- Tokaj-Hegyalja, Hungary
This lovely wine region is where the world’s oldest botrytized wine originated, known as Tokaji aszú wine. Botrytis, or noble rot, is a beneficial type of fungus that grows on grapes and produces a really nice sweet wine. Furmint and Hárslevelü are two grape varietals that have been growing in the region for centuries.
As you can see, I have only selected some top/popular regions in Europe. Of course, there are many more throughout the Continent to enjoy.
Is making iconic wines an art or a science?
Winemaking involves a host of scientific disciplines, including plant physiology, meteorology, agricultural engineering, plant pathology, entomology, chemistry, and microbiology.
Grape growers must know how the soil and climate will affect the fruit, and they must implement the latest techniques for preventing the spread of pests and disease.
Even seemingly simple things, such as knowing when and how much to irrigate, requires scientific precision in order to grow high quality fruit while conserving resources.
Science also tells us that more than 680 different compounds have been identified that contribute to wine aroma.
Besides aroma and flavour compounds, phenolic compounds also contribute significantly to wine taste. Phenolic compounds include the tannins and pigments in wine, as expected, in much higher levels in red wines.
The point I’m trying to make is that the scientific element of winemaking is an integral part of making an iconic wine.
Despite this scientific learning though, winemaking hasn’t fundamentally changed over the last 50 years. At its very basic level all winemaking is the same: get the right balance of flavour, sugar and acid, add some yeast, and away you go.
However the iconic wine producers must still make judgements regarding the effect of grape and wine handling on flavour, balance, extract, and style. There is no winemaking machine; wine quality is still immeasurable and subjective.
“Making good wine is a skill, making fine wine is an art” -Robert Mondavi“Making good wine is a skill, making fine wine is an art” -Robert Mondavi #greenacresirl Click To Tweet
So, if I can use Robert Mondavi’s apt quote to explain my own thinking on this question. I believe that improved science and technology is helping to produce quality wines, more consistently, but it’s hard to ignore the undefinable x-factor of iconic wines. In this I mean, one that’s hard to quantify in a scientific manner.
And, art is also a very personal choice that really comes down to the eye of the beholder. Winemakers have their own ideologies which they want reflected in the wines and which they consider a work of art. I believe it is their magic touch that makes iconic wines.
To be honest most of our debate circled around the quantifiable aspects of winemaking but at the end of it, we all agreed that both the science and the magic were an integral part iconic wines.
My Producers list of Iconic Wines.
At the start of this post, I promised you a list of producers that I believe are most likely to develop iconic wines. So, here it is – my top 12 iconic wine producers!
Of course, “top choices” are almost always subjective – any grand title of recognition foisted on someone or something is bound to be met with an equal amount of derision.
You might well disagree with my eventual list and more than likely, as they are iconic, there probably won’t be many surprises. Also, it was hard to keep it to 12, but anyway, in no particular order:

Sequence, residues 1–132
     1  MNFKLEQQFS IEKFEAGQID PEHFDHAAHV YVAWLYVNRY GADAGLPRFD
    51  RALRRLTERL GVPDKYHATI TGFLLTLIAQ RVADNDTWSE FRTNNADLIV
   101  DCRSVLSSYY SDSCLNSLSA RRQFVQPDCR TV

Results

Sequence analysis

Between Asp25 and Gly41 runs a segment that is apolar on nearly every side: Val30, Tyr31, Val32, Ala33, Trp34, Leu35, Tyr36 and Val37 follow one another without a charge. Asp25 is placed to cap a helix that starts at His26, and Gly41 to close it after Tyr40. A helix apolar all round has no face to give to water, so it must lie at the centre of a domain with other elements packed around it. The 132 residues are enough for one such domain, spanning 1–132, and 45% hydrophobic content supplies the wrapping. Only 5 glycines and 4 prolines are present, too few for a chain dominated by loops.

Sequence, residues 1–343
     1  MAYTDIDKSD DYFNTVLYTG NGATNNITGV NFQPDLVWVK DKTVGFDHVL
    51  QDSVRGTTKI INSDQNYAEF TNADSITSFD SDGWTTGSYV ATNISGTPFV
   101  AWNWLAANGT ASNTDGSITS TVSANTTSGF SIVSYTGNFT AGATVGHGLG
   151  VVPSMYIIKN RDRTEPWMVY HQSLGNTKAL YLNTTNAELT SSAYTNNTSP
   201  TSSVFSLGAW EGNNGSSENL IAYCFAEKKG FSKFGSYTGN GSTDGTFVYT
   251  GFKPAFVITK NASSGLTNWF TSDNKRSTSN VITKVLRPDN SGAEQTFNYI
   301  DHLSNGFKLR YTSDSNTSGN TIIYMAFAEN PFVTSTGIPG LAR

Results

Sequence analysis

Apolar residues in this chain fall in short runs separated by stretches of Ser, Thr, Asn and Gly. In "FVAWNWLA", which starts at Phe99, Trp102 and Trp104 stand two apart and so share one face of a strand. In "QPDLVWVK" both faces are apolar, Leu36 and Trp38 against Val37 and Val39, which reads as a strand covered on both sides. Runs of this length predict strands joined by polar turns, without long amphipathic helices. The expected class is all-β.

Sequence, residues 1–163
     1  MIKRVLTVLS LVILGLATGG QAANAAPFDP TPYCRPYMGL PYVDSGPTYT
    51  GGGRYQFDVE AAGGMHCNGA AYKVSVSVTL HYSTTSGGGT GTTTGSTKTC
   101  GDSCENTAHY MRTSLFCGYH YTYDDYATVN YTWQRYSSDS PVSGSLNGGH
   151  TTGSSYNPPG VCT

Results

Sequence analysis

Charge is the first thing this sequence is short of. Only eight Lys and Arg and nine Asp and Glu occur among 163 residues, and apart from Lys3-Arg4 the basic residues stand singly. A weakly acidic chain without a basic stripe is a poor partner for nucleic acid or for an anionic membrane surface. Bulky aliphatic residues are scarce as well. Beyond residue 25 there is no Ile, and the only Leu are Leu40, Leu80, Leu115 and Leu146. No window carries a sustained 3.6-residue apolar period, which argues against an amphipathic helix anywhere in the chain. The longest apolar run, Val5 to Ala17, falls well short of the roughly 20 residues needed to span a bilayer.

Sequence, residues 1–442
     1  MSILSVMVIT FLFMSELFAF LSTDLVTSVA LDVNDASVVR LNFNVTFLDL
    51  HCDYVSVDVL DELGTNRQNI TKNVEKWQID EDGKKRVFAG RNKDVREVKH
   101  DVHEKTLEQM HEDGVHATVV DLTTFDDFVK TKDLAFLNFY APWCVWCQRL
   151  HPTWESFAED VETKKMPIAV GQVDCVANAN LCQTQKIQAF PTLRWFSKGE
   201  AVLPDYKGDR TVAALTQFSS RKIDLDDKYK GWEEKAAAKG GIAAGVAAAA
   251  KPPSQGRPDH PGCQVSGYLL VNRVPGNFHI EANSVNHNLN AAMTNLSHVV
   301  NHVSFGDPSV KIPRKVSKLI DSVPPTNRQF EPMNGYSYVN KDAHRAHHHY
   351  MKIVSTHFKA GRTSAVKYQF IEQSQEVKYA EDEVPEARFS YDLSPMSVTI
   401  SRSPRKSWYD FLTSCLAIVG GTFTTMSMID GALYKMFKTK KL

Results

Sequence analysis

1.Rhone, France – Chateauneuf-du-Pape: Château Rayas
2. Bordeaux, France – Pomerol: Petrus
3. Bordeaux, France – Medoc: Château Margaux
4. Burgundy, France – Auxey-Duresses: Domaine Leroy
5. Bordeaux, France – Graves, Sauternes: Château d’Yquem
6. Alsace, France – Ribeauvillé: Trimbach Estate – Clos Sainte Hune
7. Burgundy, France – wines of Dominique Lafon
8. Burgundy, France – Vosne-Romanée: Domaine de la Romanée-Conti
9. Tuscany, Italy – Masseto
10. Valladolid, Spain – Finca Vega Sicilia
11. Reims, France – Champagne: Maison Krug
12. Mosel, Germany – Saar district: Weingut Egon Müller
If you are stocking your cellar with dozens of trophy (or cult) wines you might actually be missing out on some of the world’s finest examples of terroir and winemaking. We would suggest that if you are collecting, you should really start with the icon wines of a region.
Icons are emblematic of grape, region, and winemakers. Often these wines are already legendary and might even be trophies.
I have chosen my list of iconic wines producers above but if you are not a collector and are a regular reader of the Green Acres blog you will know that I always suggest loving the wine you’re with.
People often tell me of some incredible bottle of wine they have that is just waiting for that perfectly important event. Sometimes it’s a bottle they’ve saved up for and purchased or maybe at a tasting they fell in love and then spent three times as much as they normally would.
Maybe it IS an icon bottle of wine that just demands an epic special event. However, more often than not it’s lonely, growing old and melancholy, and probably not stored all that well either.
With the misplaced logic of waiting for that worthy occasion, the special bottle of wine, just dies a slow lonely death of solitude and neglect.
Then in the worst-case scenario, when they do finally open it, it is not showing well, and a great wine moment was lost as that iconic wine’s time has passed.
If you do want to start collecting or just purchase an epic wine to put away make sure you contact either myself or Donal Morris here in Green Acres who will gladly steer you in the right direction.
One last thing – did you know that we launched the Green Acres mobile app recently? Now you can bring us home in your pocket. Book tables, browse wines, learn of special offers, check events, connect with us, earn loyalty rewards and much more. We would really appreciate if you would click on either of the tabs below to download for free.
Talk to you soon, James.